Oct 12, 2016 by Helena Category: Interview 0 comments

One of the first companies that joined Dotforge accelerator had a great year.
Twile partnered with leading genealogy site Findmypast, won two innovation awards at RootsTech 2016, including People’s Choice and just announced the launch of their new feature that integrates with FamilySearch.org. They have been selected for the next round of Pitch@Palace, have a project with a local primary school that incorporated Twile into the curriculum and have been selected as part of a cohort of companies chosen to visit the US to help raise the profile of the tech industry in the North of England.
We asked Paul Brooks, cofounder of Twile to share his entrepreneurial journey.


Tell us something about Twile.

Twile is a timeline of everything that’s ever happened in your family, from your earliest ancestor right through to today

How did you get here?

We launched Twile during Dotforge in 2013 as a tool for parents to record their young children growing up and share photos privately with the rest of the family. After 2 years of trying to compete with big players like Microsoft, Dropbox and Google, we identified a new opportunity in the family history space and pivoted to take advantage of it. We developed Twile into a visual timeline that family historians can use to make their research more engaging and easier to share with the rest of the family. We have since secured investment with Findmypast (#2 in family history), won 2 innovation awards at RootsTech (the biggest family history event) and we’re about to launch a big integration with FamilySearch (a huge not-for-profit in the industry).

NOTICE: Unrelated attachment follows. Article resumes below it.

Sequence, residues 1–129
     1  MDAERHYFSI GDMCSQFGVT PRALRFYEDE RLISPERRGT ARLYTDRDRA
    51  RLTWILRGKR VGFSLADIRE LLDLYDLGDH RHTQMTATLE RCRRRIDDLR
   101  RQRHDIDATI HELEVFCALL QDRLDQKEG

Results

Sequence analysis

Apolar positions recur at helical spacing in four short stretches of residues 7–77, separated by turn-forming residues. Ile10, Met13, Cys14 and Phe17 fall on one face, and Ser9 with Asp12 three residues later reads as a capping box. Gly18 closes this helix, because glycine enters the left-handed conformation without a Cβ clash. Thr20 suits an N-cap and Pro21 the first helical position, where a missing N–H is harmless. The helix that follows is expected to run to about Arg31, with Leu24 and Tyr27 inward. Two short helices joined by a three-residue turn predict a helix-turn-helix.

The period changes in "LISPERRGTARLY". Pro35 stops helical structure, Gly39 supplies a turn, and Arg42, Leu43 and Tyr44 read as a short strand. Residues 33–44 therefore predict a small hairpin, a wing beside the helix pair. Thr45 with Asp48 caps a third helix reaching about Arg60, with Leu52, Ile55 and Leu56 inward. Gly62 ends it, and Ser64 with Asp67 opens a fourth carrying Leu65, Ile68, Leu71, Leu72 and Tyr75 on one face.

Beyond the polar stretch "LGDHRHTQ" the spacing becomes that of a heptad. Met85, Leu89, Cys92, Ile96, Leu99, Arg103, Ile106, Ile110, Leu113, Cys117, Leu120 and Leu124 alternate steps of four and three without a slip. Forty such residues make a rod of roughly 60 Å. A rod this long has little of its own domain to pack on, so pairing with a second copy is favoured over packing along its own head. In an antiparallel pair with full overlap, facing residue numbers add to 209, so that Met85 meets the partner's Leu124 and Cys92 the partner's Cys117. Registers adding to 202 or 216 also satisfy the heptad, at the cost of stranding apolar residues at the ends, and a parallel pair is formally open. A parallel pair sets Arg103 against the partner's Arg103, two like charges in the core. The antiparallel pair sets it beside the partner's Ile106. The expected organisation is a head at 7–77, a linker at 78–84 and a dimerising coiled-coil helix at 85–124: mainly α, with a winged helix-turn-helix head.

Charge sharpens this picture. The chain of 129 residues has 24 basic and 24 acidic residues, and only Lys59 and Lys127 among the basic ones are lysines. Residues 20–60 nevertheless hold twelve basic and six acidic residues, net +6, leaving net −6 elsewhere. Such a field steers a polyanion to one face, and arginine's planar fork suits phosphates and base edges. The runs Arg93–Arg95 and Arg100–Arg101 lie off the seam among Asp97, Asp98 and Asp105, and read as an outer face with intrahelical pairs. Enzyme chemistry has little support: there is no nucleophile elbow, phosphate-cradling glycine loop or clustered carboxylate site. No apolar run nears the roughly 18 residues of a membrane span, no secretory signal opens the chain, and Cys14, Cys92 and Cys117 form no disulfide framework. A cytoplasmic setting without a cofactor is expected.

What is your inspiration for creating your company?

Twile has always been about preserving memories - getting people to record what they know about their family, past and present, to ensure that knowledge isn’t lost through the generations. We are all parents with young children and we’re keen to ensure our kids know who their ancestors were, what their parents were like and what they were like when they were younger.

What have been your biggest challenges as a Tech Startup?

Raising investment has been a consistent, ongoing challenge. We’ve always tried to raise just enough money to survive long enough to prove the model, which means we’ve had to raise 3-4 rounds of seed investment over the last 3 years. Trying to get in front of investors that are interested in a B2C business with no revenue in the genealogy industry is particularly difficult! Generating growth has also been difficult, but now that we’ve achieved product-market fit in the family history space, we’re gaining organic traffic through word-of-mouth and great press. The strategic partnerships we’ve worked hard to secure are beginning to pay dividends and should move the needle substantially in the next year.

What is your biggest learning from Dotforge?

1. Investment takes a lot longer than you think it will
2. The network of mentors you create is vital
3. You can expect your product to change beyond recognition before it’s successful
4. Building a successful startup is much harder than the press would have you believe

What is the most used piece of advice you have had to developing your startup?

Stay lean. Make your money last as long as you possibly can.

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